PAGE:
This brings us to a sun-splashed day, August 28, 2006, and three intrepid teenage girls. Two of them, Emily Jacke and Rebecca Young, were about to begin their junior year at Northfield Mount Hermon; the third was their friend, Sara Voorhis. They had spent the night before at a sleepover, spinning tales of ghosts, spirits, “all things creepy,” as they’d say later. Emily and Rebecca told Sara they’d show her a secret place at their school where spirits lived, a ravine so gloomy and filled with tangled branches and ruins of long-ago structures that few ventured in.
Emily’s father waited in his pickup beside a now-empty dormitory while the girls quickly scrambled out of sight. They picked their way across a stream, descending ever deeper into the woods. They dropped stones in abandoned foundations, listening to the ping when they reached a watery bottom. Suddenly, a noise startled them. “Loud enough to make us jump,” Sara says. “It was a metallic sound, like a thunder board. Like metal crumpling up.” They were alone, they had no cell phone reception — all they had for protection was Sara’s pocketknife, which she opened. They should have run out of the ravine. They know that. Sara implored them to see what it was. Nervous and cautious, they moved toward the noise. “We were all jumpy,” Emily says. “There was a feeling there was something there. A surrounding presence. Spooky.”
They came upon the deep, wide foundation of what they later learned was once a water-collection cistern for the school. They looked down to where the noise kept reverberating. “It’s a dog,” Rebecca gasped. But not a dog like any of them had ever seen. This dog’s ribs poked out. Its paws were ripped and bloody. Its fur was so matted and tangled, it looked more like a phantom than a dog. It frantically climbed a metal beam that reached from the ground to a few feet short of the top, and scrambled up, only to fall down. All around the wall, the dog had left bloody, desperate footprints as it clawed for a foothold. It made no sound except for a thin whine. Amazingly, it wagged its tail. Sara says, “He seemed like he was smiling at us.”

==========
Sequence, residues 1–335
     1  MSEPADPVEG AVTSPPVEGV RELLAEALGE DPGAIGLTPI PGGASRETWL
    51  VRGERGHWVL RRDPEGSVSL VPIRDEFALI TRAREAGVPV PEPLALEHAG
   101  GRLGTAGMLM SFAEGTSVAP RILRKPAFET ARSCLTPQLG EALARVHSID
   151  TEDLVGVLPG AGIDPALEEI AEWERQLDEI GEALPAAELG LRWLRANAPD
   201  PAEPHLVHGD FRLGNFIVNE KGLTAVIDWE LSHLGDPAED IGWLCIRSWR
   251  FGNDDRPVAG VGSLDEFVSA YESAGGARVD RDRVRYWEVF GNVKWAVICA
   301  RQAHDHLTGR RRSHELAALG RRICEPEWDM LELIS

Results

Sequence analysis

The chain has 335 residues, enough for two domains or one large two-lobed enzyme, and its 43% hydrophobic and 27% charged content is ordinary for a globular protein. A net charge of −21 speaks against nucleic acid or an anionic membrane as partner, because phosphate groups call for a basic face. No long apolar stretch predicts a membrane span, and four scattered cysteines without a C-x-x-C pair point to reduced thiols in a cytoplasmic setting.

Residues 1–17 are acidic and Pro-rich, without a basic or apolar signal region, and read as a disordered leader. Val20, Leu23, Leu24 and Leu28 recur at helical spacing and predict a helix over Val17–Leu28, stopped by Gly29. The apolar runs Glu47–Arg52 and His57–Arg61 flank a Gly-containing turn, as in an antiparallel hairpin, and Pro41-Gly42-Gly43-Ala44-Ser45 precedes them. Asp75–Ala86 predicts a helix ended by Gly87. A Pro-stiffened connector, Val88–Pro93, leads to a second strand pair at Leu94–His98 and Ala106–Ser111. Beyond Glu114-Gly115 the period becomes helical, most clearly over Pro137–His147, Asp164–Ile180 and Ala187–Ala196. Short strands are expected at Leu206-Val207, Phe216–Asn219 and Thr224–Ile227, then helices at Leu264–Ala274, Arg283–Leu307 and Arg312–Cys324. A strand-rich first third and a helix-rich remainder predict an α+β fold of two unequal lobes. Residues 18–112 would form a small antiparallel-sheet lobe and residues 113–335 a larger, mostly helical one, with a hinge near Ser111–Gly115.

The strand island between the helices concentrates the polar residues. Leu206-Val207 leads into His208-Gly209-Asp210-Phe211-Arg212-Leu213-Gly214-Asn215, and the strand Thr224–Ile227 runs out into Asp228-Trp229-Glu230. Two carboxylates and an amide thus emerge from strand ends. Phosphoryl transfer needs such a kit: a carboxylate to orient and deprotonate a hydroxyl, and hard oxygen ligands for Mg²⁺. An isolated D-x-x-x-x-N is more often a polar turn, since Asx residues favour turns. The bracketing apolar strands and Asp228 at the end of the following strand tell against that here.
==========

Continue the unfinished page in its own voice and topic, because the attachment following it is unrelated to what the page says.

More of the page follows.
Again, the girls would later admit that what they did may have been foolish. Rabid animals do live in the woods. Scared animals can be dangerous and unpredictable. But that was later reflection. Sara lowered herself onto the beam and slowly backed the dog down to the ground. Then, from behind, she urged him up again, lifting him the final few feet into the arms of her friends. Sara fashioned a leash from her belt, and even though the dog was so weak he kept falling over, he pulled her up the hill, across the stream, onto the lush grass where he rolled and rolled, as the girls shrieked, “We found a dog!”
The call reached the Woods from campus security. A dog was found only 100 yards from their house, in a ravine the family did not know existed. The tag matched Hank’s. He had been gone 48 days, no doubt toppling into the hole in the darkness, in his terror of a thunderstorm, kept alive, the vet later surmised, by eating moss and dirt. He had lost more than 20 pounds.
For days, Hank would not let Marianne out of his sight. He slowly regained his weight and strength. Marianne drove him around the county, thanking all the people who had helped search. She called the dog’s previous owner and said, “We’ve decided that Hank belongs to us.” Driving home after they found Hank, the girls all had the same thought: “Something big just happened here.” Something they will always remember about a day when they wandered to a gloomy ravine and found a dog who will surely travel farther than they can imagine, all the way from that deep, water-logged hole, bounding up and over the stream, bounding into the sunlight, bounding back home, traveling all the way into legend.